To celebrate the 50th anniversary of the C&O Canal becoming a National Historical Park, we are featuring 50 Canal Stories throughout 2021. Each story will take a look at a person’s relationship with the C&O Canal. Whether an NPS ranger, a volunteer, or a visitor, everyone has a story to tell about the canal! If you want to share your story, submit it to us at the link here, email it to us at [email protected] or post it on your social media feeds with the hashtag #MyCanalStory.
Kevin Belanger, Manager of Trail Planning at Rails-to-Trails Conservancy
C&O Canal Trust: When did you first learn of the C&O Canal?
Kevin: I moved to Frederick, Maryland when I was 11. Growing up in New England, I had never heard of it before then. But I joined a Scout troop and we did an overnight bike trip on the canal sometime soon after moving there. It was tough on my department store bicycle, but it was so cool to know that a trail existed that could take me all the way into Washington, DC or all the way to Cumberland and beyond.
C&O Canal Trust: What is it like working for Rails-to-Trails Conservancy? What is your job?
Kevin: I am the Manager of Trail Planning at Rails-to-Trails Conservancy. It is the kind of job I didn’t know existed when I was growing up, but all of my life choices were guiding me to it without even knowing it! I support the planning side of several of our trail network-building projects around the country, most notably the Great American Rail-Trail, which is a multi-use, cross-country trail that is already more than 53% complete. The C&O Canal Towpath is a major section of that route. It is an exciting job, working with all of the partners across the route who help develop and maintain the trails that make up the Great American Rail-Trail. I want to give a major kudos to the Park for working on a 5-year resurfacing plan for the towpath as well. Keeping the surface in good condition will encourage more people to use it, including those with disabilities, which helps level the playing field.
C&O Canal Trust: Tell us more about your through-bike ride last summer. How long did it take to complete your ride and what was your favorite part?
Kevin: My friend, Price, and I made a plan to bike from Pittsburgh to DC a few years ago, and we were committed to doing it in summer 2020. Well, the pandemic happened, and we assumed we would have to postpone. However, as the spring turned into summer, we realized we’d be comfortable doing it as long as we camped the whole time and separated from others. I’m so glad we didn’t postpone the trip! We went in August 2020 and took 6 days total to complete the journey. It was amazing to bike that far without having to interact with automobile traffic. We met some friendly people along the way and supported local businesses (my mission was to find an egg sandwich every morning in the first town we passed through, and I was pretty successful!). You can read more about my journey on the towpath on my blog here: www.bywayofthetrails.com and the journey starts on this post here https://www.bywayofthetrail.com/post/pittsburgh-to-dc-bikepacking-adventure-day-0.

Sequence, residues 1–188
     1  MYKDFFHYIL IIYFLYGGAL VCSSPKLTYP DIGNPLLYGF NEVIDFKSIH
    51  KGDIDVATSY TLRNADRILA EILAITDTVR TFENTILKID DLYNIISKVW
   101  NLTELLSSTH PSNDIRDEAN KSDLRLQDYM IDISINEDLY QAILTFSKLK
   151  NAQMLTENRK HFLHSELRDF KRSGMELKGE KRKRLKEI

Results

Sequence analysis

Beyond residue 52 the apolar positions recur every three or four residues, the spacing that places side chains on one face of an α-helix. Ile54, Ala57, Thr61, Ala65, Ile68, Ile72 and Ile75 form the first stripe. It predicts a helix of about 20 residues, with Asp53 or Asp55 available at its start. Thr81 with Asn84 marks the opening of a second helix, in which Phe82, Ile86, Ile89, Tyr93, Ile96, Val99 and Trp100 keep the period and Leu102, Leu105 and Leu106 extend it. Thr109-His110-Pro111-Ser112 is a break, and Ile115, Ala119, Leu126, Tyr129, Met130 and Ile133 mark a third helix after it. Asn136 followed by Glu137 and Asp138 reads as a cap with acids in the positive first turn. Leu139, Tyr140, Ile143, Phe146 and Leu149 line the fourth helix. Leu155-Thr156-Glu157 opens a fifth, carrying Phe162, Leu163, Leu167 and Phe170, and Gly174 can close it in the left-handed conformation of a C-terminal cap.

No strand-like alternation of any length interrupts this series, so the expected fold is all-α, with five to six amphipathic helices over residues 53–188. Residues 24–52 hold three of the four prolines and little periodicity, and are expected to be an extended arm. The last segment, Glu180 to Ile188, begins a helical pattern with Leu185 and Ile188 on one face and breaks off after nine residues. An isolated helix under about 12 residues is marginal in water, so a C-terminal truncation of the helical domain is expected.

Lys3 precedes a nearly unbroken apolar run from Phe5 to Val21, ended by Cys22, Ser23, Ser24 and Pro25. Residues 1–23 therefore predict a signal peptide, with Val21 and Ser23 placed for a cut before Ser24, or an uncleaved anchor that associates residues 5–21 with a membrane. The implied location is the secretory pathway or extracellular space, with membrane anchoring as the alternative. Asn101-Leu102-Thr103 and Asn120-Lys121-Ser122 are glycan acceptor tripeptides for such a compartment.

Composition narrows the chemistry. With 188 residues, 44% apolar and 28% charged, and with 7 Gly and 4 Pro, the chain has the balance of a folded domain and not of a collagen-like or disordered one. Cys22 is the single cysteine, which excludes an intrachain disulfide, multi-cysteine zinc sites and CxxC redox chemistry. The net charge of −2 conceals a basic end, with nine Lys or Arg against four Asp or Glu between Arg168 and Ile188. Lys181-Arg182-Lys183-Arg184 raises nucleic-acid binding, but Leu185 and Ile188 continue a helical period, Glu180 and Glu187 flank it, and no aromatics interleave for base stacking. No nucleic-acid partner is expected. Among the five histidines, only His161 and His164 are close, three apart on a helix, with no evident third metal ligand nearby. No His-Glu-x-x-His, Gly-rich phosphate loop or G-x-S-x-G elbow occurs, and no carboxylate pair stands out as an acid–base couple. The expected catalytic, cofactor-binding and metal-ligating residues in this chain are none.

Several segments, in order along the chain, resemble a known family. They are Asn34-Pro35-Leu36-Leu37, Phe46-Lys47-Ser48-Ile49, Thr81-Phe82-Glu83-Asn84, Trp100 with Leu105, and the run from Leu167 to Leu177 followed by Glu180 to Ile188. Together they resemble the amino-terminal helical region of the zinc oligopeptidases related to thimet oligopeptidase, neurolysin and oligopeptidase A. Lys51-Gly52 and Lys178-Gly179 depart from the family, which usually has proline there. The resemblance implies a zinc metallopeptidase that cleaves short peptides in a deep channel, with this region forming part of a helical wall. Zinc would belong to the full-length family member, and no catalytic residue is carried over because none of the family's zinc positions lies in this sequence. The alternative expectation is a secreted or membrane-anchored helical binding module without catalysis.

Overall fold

C&O Canal Trust: Do you have a favorite memory of the Park?
Kevin: Like a lot of people, I turned to the Park during the pandemic. It was a place I felt safe outside with limited amounts of people. I reconnected with friends and family too. My friend Kate lives near Brunswick and started getting into biking just before the pandemic. When we felt safe to do so, we’d meet somewhere in the middle and bike together. We explored around White’s Ferry and Brunswick and Harper’s Ferry. I appreciate that it is always there and always open. It gets a lot of love – sometimes maybe too much love with the numbers of people who use it on popular days – but I think a lot of love is a good problem to have.
C&O Canal Trust: What is your favorite place or section of the Park?
Kevin: My favorite place in the Park was camping at the Sorrel Ridge campground. We won the lottery that night. We had just made it through the Paw Paw Tunnel and were tired and hungry. Sorrel Ridge was the first campground, and we set up shop. The weather for August could not have been better. Slight breeze in the air, low humidity, and the campsite was right along the Potomac. We ended up having the campsite to ourselves and even took a little dip in the Potomac (I knew I wouldn’t feel comfortable doing it further down river so this was my chance!). There were no mosquitoes too, which made it even better. 10 out of 10
C&O Canal Trust: What does the canal mean to you?
Kevin: I’ve moved around the country as an adult, but I moved back to Washington, DC in 2013 and have lived within a few miles of the canal ever since. The canal is a place to slow down. A place to feel history and nature in the modern day. A place to see wildlife – blue herons are my favorite, they look like tiny dinosaurs. The towpath is an accessible resource to a lot of people – it’s flat, the surface keeps getting better, and you can do a lot of things on it. It is a great outdoor adventure close to home. You don’t have to through-bike the route to experience the adventure, it’s right there for everyone. As a member of the LGBT community, it’s also a place where I always feel welcomed. I’m grateful that it exists and look forward to taking my children on it one day!